My home-made grilled burgers were definitely worth the wait. Despite my contention that I abhor waiting, I admit that the anticipation that comes with expected blessings is fantastic. If you have ever watched an unboxing video on YouTube or stirred restlessly on Christmas Eve, you know what I mean. We are rapt with what might be in the box or what might be in the present or what might be for dinner. My grill is a reminder that I can be consumed with the bitter taste that comes with waiting or content with the sweet savor of the blessings to come.
…but they who wait for the Lord shall renew their strength; they shall mount up with wings like eagles; they shall run and not be weary; they shall walk and not faint. Isaiah 40:31 (ESV)
Where is your heart today? Is it heavy and burdened because you no longer want to wait? Is it uplifted and invigorated with the sure and certain hope of things to come? There are times when we must wait – for results, for relationships, for rewards – and that waiting can be draining. At those times remember what you are waiting for and then enable God to refresh you in the process. As for me, I will think about that as I enjoy some perfectly cooked ground beef surrounded by a grilled cheese sandwich.
After watching the local news recently, I have come to the conclusion that most of us are obsessed with safety. We are willing to do whatever is required to be safe from illness, as is evident by the shortages of bottled water and hand sanitizer at our nation’s ‘big box’ retailers to prevent the spread of COVID-19. We are willing to invest significant resources to be safe from crime, installing video doorbells and high-tech security systems to prevent break-ins. Our hearts break due to our insecurities arising from natural disasters, expecting that sirens and first responders ought to keep us from the harm of tornados or wildfire. We expect that we, and those we love, ought to be safe from the dangers of life.
Despite all our sacrifices at the altar of safety, we remain at risk. Emergency rooms across the country will still be filled today with those who suffered injury. Prisons throughout the world will be filled today with people unjustly convicted to serious crimes. Homeless shelters and food banks in urban areas will be filled by individuals and families who have been ravaged by systemic poverty. We will continue to face illness and injustice. We will be overshadowed by disaster and need. We will be plagued with injury and crime. No matter what we give – offering our power, our possessions and our priorities – safety is persistently fickle.
It is for many a troubling reality that God does not promise safety for those who follow Him. However, we can be comforted by the reality that He does promise us Himself.
When you pass through the waters, I will be with you; and when you pass through the rivers, they will not sweep over you. When you walk through the fire, you will not be burned; the flames will not set you ablaze. Isaiah 43:2 (NIV)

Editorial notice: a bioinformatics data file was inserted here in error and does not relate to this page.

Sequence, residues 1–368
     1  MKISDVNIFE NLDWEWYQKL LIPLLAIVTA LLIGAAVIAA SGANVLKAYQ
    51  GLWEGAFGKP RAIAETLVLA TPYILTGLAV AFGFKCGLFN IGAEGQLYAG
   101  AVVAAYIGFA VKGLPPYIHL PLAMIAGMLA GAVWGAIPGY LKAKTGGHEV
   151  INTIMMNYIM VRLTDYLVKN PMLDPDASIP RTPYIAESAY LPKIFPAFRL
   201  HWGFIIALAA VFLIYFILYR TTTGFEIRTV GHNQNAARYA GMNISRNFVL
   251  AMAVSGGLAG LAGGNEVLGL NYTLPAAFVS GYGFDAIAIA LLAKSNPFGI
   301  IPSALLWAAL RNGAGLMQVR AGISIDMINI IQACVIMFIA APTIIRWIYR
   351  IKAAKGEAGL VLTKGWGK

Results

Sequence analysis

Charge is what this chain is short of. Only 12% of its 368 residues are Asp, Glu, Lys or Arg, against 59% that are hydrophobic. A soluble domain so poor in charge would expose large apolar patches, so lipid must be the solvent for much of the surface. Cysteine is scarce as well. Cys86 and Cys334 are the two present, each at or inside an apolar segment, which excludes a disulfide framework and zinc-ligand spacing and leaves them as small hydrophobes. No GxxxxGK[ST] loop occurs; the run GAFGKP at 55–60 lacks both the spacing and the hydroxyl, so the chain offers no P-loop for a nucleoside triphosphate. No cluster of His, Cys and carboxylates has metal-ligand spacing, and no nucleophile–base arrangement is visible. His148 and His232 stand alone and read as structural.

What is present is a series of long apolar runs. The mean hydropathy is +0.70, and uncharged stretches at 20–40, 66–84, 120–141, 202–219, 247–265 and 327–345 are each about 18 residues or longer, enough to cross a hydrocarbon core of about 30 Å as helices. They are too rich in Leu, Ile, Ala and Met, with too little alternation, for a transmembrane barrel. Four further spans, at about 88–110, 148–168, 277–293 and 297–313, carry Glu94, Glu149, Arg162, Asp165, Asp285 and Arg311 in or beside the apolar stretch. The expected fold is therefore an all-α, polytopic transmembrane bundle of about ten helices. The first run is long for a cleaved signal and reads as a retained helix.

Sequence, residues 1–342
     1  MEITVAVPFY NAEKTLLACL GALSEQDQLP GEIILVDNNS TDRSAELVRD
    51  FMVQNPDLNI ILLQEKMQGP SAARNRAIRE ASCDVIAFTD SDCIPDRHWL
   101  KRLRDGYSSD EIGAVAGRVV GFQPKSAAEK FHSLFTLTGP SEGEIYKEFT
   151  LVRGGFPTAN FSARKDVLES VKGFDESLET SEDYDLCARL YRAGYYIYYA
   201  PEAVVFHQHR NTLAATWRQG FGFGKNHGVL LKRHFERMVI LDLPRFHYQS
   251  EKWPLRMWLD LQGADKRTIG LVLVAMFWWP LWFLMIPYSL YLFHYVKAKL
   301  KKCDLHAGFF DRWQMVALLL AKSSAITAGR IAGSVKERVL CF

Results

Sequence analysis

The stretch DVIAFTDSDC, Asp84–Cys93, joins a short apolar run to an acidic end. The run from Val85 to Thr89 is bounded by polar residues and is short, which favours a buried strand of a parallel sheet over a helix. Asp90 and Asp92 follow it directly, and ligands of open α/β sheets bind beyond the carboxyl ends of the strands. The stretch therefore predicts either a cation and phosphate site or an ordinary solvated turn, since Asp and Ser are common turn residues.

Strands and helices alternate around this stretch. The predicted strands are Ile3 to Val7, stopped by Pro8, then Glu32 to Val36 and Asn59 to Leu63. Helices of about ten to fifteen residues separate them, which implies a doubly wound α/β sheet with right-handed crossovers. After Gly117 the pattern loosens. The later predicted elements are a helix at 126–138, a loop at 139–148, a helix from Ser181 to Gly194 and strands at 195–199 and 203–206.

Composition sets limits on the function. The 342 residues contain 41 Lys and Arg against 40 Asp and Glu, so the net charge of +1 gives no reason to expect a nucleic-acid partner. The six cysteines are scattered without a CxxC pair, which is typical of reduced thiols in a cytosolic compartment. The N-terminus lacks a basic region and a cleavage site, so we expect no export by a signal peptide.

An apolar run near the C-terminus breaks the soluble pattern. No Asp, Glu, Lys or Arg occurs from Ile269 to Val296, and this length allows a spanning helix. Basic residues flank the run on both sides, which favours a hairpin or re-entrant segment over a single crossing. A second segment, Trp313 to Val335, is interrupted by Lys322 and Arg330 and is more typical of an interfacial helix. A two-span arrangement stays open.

“I will be with you” – through the waters and through the flames. In the Bible, references to water typically represent chaos (e.g. the creation narrative) and references to fire typically represent judgement (e.g. the book of Revelation). We all know that life can be chaotic, messy and disruptive. When it is, and we feel unsafe, we can take comfort in the truth that God is with us. We also know that life is filled with the consequences of bad acts, committed by our own hands or by the hands of others. When it is, and we feel like the world is conspiring against us for our ruin, we can have peace in the truth that God is with us through it all.
We can choose to put our faith and trust in the thoughts and plans birthed by human ingenuity or put our faith and trust in the one who designed and created every human mind. We are wise when we take precautions, refusing to be consumed by the fears that come with uncertainty and insecurity. Whatever you face this week, you should know that God goes with you. This world is a scary place, but thankfully we are never alone.
When we were vacationing last week, we spent a few hours with our nephew and his family. As we were walking through their backyard, our niece-in-law was showing us her extensive garden. She showed us the lettuce and carrots, some of which had been eaten by rascally rabbits. Then, pointing to some large leaves (which we speculated might have been collard greens or kale), she said, “Those were supposed to be beets, but I think the seeds were mislabeled.” I admit that I do not have a green thumb, but I have grown a few vegetables over the years; what I know about seeds is simple – that many of them look similar and it is not until you see their growth that you know for sure what they will produce.